Recent scholarship on children’s literature displays a wide variety of interests in classic and contemporary children’s books. While environmental and ecological concerns have led to an interest in ‘ecocriticism’, as yet there is little on the significance of the ecological imagination and experience to both the authors and readers – young and old – of these texts. This edited collection brings together a set of original international research-based chapters to explore the role of children’s literature in learning about environments and places, with a focus on how children’s literature may inform and enrich our imagination, experiences and responses to environmental challenges and injustice. Contributions from Australia, Canada, USA and UK explore the diverse ways in which children’s literature can provide what are arguably some of the first and possibly most formative engagements that some children might have with ‘nature’. Chapters examine classic and new storybooks, mythic tales, and image-based and/or written texts read at home, in school and in the field. Contributors focus on exploring how children’s literature mediates and informs our imagination and understandings of diverse environments and places, and how it might open our eyes and lives to other presences, understandings and priorities through stories, their telling and re-telling, and their analysis.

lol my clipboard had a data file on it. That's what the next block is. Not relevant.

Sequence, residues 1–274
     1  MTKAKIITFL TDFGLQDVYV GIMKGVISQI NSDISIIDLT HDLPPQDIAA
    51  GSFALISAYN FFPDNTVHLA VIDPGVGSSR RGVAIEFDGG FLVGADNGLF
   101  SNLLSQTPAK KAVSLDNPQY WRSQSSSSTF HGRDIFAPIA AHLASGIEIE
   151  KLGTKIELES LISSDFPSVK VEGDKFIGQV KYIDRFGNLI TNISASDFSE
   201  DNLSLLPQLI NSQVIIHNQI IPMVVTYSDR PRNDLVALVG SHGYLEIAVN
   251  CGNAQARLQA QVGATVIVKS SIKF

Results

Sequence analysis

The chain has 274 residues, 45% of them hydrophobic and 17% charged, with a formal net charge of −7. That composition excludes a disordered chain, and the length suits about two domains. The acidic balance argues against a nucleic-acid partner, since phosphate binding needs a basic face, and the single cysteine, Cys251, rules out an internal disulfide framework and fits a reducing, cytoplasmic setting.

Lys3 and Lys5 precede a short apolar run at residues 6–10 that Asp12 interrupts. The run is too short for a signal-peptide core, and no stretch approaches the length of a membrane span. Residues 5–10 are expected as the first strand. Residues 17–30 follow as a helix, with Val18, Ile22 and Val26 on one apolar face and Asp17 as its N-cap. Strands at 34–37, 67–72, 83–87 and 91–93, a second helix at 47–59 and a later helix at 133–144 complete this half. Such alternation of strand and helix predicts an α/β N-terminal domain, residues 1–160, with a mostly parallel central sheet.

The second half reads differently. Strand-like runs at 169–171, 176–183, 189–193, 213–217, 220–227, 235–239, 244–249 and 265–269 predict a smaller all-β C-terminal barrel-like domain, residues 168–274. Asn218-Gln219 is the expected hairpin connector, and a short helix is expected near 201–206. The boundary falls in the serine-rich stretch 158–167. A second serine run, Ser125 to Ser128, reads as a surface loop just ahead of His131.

This book was originally published as a special issue of Environmental Education Research.
Introduction: Experiencing Environment and Place through Children’s Literature Amy Cutter-Mackenzie, Philip Payne, and Alan Reid 1. Through Green Eyes: Complex Visual Culture and Post-Literacy Sidney Dobrin 2. Re-searching and re-storying the complex and complicated relationship of biophilia and bibliophilia Heesoon Bai, Daniela Elza, Peter Kovacs and Serenna Romanycia 3. Remarkable-tracking, experiential education of the ecological imagination Philip Payne 4. Children’s literature as a springboard to place-based embodied learning Linda Wason-Ellam 5. The Stories are the people and the land: Three educators respond to environmental teachings in Indigenous children’s literature Lisa Korteweg, Ismel Gonzales, and JoJo Guillet 6. What’s there, what if, what then and what can we do? An Immersive and Embodied Experience of Environment and Place through Children’s Literature Geraldine Burke and Amy Cutter-Mackenzie 7. Exploring instructional strategies to develop prospective elementary teacher children’s literature book evaluation skills for science, ecology and environmental education Bill Hug 8. Developing environmental agency and engagement through young people’s fiction Jean Webb and Stephen Bigger 9. The Lord of the Rings – a mythos applicable in unsustainable times? Alun Morgan 10. Reading The Lorax, orienting in potentiality Amy Sloane 11. Openings for researching environment and place in children’s literature: ecologies, potentials, realities, and challenges Alan Reid, Philip Payne and Amy Cutter-Mackenzie